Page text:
As a child, Courtney Finch dreamed of being an artist.
She ran the grounds of the Sawdust Art Festival in Laguna Beach while her stepfather built artist booths. She went there every year. At 16, she bought her first toe ring there.
On Friday July 2, Finch, who now makes sterling silver jewelry, shadow box art and unique home decor, opened his own booth for the first time at the popular festival held alongside sawdust covered trails under huge eucalyptus groves in Laguna Canyon. .
“I have been in art all my life,” she said. “Four years ago, I discovered this craft and learned on my own how to bend and bend metal. It was just love at the first flame.
Finch is one of 168 artists participating in the festival’s 55th year. Last year, during the COVID-19 pandemic, a version of the festival was held from September to early December, but only on weekends and with a limit on the number of artists allowed to appear at the same time. – 100 artists rotating on 48 spots.
Along with the return of the traditional artist village this summer, there are also three stages where festival-goers can listen to live music and witness a variety of entertainment. There will also be daily art demonstrations, pop-up classes and plenty of dining options, organizers said.
“I kind of got chills down my spine when I heard the announcement of our return,” said Isaac Anderson, a mixed-use plaster-on-panel artist who spent three weeks building his stand. “We didn’t know what was going to happen.
Anderson said his work was inspired by “many years of travel and textures of the world.”
“I’m trying to see something, but not pushing too hard,” he said of his job. “You want to be guided by surprises and mistakes, just like in your own life. At first sometimes I don’t like it, but in the end there is something that comes out of it that gives a sense of hope.
Right in front of him on Friday was Cindy Stalmaker, known for her water-marbled silks. A long-time festival artist, she too was happy to find the show in full. A bonus will be not having to dismantle her stand every weekend as she did during the temporary days of last year.
COVID-19 has enabled her to find a new art form where she electrifies materials and transforms objects such as seashells, bay leaves, lotus pods and eucalyptus seeds into pendants and earrings tanned.
“I take organic and inorganic pieces and coat them with conductive copper paint, then I hang the pieces in a solution that has passed through electricity,” she said. “The current flows through the electrolytic solution and because you have copper bars the copper breaks free and settles on the parts with the conductive copper paint.”
Another booth filled with admiring visitors on Friday was Durden Art, which the artist’s wife Dana Malas described as “clever pop art that tells a new story.”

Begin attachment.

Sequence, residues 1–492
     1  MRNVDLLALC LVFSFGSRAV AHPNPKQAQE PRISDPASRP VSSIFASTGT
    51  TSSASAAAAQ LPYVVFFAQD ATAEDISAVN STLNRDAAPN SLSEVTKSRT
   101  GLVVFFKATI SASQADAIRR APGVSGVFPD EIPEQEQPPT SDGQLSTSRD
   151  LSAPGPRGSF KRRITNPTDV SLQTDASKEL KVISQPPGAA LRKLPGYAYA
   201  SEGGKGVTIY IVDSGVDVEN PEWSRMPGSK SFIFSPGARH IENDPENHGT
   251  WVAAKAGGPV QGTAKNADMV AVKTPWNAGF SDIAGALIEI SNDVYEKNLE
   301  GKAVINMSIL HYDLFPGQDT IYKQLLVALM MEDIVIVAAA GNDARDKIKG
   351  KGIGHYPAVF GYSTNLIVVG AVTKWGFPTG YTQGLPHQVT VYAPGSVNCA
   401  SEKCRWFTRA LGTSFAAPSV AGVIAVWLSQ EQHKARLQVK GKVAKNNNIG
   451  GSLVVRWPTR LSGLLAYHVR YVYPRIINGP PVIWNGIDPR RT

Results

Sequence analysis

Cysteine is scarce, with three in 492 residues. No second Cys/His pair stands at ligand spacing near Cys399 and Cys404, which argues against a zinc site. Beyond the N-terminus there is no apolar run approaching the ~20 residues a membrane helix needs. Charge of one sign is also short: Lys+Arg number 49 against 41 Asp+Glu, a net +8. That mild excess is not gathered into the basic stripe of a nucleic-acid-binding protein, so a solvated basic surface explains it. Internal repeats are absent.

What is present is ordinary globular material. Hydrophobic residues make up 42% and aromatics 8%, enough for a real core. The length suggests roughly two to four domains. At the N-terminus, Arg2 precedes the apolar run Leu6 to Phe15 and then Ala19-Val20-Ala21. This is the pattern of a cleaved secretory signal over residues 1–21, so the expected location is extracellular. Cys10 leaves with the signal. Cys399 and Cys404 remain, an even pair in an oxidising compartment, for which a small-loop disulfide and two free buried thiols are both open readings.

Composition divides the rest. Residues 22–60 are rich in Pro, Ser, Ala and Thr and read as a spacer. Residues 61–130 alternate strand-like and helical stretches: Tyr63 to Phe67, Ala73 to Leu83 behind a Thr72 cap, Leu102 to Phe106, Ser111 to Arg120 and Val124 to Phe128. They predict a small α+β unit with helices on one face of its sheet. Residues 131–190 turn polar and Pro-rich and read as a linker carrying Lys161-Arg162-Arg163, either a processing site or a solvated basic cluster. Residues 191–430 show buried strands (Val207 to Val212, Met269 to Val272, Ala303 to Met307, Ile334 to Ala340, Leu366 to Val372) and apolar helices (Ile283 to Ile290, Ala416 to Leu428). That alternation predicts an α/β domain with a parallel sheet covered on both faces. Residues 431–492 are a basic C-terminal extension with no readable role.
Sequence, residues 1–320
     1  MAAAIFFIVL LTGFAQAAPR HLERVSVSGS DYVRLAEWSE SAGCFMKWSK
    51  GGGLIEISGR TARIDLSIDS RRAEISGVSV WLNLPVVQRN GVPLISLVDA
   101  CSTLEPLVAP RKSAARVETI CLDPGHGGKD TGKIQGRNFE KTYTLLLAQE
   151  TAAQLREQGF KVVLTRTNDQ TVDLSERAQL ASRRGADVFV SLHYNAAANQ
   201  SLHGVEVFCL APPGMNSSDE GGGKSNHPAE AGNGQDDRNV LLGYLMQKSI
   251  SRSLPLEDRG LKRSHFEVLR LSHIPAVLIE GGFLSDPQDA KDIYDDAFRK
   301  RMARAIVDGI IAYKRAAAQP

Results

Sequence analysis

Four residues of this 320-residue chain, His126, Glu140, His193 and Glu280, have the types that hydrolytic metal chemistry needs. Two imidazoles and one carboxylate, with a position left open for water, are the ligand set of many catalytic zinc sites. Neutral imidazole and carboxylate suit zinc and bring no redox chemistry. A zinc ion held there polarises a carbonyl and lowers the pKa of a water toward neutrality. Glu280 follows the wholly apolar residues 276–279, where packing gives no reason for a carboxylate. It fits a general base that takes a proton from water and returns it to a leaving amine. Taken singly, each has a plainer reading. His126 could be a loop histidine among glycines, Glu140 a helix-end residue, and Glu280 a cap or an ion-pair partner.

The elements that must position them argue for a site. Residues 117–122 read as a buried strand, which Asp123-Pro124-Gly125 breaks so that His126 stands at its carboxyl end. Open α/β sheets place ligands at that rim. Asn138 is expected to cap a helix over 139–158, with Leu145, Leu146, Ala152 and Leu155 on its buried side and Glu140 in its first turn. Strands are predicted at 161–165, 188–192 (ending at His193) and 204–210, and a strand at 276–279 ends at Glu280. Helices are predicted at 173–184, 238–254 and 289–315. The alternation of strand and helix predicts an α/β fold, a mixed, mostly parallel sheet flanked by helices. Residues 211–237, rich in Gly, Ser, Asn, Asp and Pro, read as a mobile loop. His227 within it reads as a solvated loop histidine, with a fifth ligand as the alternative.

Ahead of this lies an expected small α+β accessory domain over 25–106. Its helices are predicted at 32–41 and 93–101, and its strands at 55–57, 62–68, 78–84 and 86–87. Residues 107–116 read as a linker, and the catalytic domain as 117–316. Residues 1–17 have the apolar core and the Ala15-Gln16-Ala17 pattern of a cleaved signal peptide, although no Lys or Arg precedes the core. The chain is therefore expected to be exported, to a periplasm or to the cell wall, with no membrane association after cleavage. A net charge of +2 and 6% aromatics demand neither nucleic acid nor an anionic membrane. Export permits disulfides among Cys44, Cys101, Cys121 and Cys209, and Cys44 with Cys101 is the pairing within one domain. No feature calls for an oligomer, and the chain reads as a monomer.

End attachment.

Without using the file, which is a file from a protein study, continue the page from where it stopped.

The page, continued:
As an example, she cited a play called “Change,” which honored women who changed the world. Her husband, artist Michael Phillips, was inspired by a painting by Norman Rockwell. The secret words written at the bottom say, “Fight for the things you care about, do it in a way that others will follow.” “
Among the images in the play, Ruby Bridges is wearing red boxing gloves. Bridges was the first black girl to enter an elementary school in the South in 1960.
Among the 1,800 people who walked through the doors of the Sawdust Festival on opening day was Wayne Selway, formerly of Huntington Beach but now living in Arizona. He and his group, including 16-year-old grandson James Tyner, were second in the line.
“This is my first time coming here,” he said. “That’s good. All the diversity. It’s so much more than just paintings.
“It’s really different,” Tyner added. “From pottery to jewelry to glass making, there are a lot of things you don’t think about when you think of art.”
Back at Finch’s booth, known as Earth & Agate, buyers were sorting through the new finds.
“It’s so exciting to be back,” said Julia Ramirez, of Whittier, who said she has visited the festival every year since 1977.
She follows Finch on Instagram and was delighted to meet her at the festival. And, she quickly grabbed a variscite and sterling silver ring.
“It spoke to me,” she said. “It was not a thoughtful purchase. It was an impulse, but I’m not sorry. I totally love him.
She also purchased must-have items from other artist stalls, including a vase, pasta bowl and necklace by artist Bob Johnson.
“I think I’m done now,” she said. “I’m going to wear and use all of these things.”
If you are going to:
Where: Sawdust Art Festival, 935 Laguna Canyon Road
Hours: 11 a.m. to 7 p.m. Sunday to Thursday and 11 a.m. to 10 p.m. Fridays and Saturdays
More information: sawdustartfestival.org.